Cancer Risks

Fred Singer's Commentary ("Cancer Risk Analysis: Major Policy Changes on the Way?" 12[21]:8, Oct. 26, 1998) makes a good point. National and international policies with respect to low-level radiation and chemical exposure, premised on the idea that a single gamma ray or chemical molecule can result in a fatal cancer, are in need of basic change. They conflict with both science and common sense. But using ultrasensitive means to detect DNA damage is the wrong approach. This is like trying to pro

Theodore Rockwell
Nov 22, 1998

Fred Singer's Commentary ("Cancer Risk Analysis: Major Policy Changes on the Way?" 12[21]:8, Oct. 26, 1998) makes a good point. National and international policies with respect to low-level radiation and chemical exposure, premised on the idea that a single gamma ray or chemical molecule can result in a fatal cancer, are in need of basic change. They conflict with both science and common sense. But using ultrasensitive means to detect DNA damage is the wrong approach. This is like trying to promote public health by assuring that doorknobs and other objects we contact are absolutely germ-free. The public is already obsessed with the idea that tiny, undetectable quantities of toxins in food, water, air, and soil are killing us, despite all evidence to the contrary. Calling on ever-more-sensitive detectors just feeds that paranoia. We survive in a world of germs and other toxins because the body efficiently...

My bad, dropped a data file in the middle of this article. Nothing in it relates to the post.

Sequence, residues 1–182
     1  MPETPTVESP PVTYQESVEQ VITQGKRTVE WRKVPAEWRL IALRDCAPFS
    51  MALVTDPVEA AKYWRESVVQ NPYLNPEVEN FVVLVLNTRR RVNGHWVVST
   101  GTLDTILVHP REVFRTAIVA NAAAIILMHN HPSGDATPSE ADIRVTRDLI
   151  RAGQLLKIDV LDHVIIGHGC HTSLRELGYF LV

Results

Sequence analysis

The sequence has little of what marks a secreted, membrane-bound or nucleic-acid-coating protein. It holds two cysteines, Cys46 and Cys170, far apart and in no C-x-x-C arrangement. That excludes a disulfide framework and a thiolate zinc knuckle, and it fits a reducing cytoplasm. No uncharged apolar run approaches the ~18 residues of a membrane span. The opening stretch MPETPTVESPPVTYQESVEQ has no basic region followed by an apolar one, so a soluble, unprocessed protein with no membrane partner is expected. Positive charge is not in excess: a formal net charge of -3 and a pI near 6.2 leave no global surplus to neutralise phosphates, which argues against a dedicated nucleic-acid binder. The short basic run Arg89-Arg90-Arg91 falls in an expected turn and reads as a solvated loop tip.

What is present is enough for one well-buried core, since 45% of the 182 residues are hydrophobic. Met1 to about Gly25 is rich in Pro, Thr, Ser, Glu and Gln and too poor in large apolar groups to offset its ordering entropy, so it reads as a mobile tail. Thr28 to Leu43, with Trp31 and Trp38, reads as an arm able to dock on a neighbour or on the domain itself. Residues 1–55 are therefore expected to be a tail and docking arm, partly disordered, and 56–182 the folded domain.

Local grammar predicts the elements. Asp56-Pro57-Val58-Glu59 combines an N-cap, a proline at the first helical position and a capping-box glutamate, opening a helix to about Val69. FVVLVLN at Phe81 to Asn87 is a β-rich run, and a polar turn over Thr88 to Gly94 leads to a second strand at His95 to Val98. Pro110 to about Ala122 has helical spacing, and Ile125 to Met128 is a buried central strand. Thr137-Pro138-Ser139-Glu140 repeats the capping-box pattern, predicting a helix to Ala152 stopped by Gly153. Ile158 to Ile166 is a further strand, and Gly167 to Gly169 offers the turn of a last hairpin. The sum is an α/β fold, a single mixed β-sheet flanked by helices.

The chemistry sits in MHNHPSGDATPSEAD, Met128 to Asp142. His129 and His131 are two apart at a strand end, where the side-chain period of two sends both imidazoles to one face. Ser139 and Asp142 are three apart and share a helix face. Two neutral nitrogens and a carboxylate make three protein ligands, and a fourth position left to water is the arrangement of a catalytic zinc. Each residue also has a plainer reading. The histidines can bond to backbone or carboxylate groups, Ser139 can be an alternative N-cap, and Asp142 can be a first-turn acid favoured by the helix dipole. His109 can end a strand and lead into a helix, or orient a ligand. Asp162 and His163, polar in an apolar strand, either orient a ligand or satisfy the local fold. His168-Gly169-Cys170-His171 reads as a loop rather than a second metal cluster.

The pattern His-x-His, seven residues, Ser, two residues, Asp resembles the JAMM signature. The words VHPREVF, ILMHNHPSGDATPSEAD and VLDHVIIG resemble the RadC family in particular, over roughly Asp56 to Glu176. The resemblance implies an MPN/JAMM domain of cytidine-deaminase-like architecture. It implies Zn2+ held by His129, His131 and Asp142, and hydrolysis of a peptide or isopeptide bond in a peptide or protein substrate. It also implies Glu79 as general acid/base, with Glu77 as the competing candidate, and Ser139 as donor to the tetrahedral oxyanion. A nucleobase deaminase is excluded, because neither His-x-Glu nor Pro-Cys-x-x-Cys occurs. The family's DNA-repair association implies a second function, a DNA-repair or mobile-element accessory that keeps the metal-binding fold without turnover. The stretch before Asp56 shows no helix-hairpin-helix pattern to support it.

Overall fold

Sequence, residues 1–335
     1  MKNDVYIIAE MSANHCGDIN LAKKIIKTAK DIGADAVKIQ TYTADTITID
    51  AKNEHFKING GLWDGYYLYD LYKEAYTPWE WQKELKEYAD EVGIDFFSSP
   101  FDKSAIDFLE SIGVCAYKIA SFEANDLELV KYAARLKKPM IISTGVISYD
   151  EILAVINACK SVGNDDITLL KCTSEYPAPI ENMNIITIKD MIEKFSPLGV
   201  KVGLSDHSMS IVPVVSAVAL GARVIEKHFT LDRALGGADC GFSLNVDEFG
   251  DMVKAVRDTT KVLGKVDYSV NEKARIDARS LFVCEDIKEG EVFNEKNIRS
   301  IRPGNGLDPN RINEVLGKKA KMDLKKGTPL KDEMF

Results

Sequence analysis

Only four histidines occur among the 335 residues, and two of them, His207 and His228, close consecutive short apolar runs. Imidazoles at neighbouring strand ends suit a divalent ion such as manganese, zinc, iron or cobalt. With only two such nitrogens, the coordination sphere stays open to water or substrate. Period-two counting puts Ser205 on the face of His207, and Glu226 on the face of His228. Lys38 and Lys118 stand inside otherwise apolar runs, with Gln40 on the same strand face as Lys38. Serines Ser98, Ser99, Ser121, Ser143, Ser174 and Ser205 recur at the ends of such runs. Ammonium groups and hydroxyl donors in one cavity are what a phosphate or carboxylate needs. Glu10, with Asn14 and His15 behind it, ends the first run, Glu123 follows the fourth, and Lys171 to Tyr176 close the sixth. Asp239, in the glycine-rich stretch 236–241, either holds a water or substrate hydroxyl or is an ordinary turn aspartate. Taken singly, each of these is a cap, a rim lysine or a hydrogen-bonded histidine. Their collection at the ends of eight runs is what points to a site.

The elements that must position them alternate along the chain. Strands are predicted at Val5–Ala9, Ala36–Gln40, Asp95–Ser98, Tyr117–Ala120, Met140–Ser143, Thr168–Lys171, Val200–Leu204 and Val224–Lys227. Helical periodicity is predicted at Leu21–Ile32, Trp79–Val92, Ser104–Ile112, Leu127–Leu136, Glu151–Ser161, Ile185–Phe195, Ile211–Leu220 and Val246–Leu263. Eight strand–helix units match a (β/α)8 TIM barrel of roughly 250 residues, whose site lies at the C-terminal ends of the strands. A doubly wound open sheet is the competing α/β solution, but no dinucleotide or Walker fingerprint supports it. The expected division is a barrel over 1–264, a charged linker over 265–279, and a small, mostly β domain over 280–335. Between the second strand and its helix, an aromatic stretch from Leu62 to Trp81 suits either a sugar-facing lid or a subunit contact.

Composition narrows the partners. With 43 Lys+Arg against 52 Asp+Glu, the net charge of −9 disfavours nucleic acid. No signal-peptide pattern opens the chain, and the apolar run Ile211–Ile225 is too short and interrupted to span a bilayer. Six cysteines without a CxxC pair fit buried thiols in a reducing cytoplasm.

Interested in reading more?

Become a Member of

Receive full access to digital editions of The Scientist, as well as TS Digest, feature stories, more than 35 years of archives, and much more!
Already a member?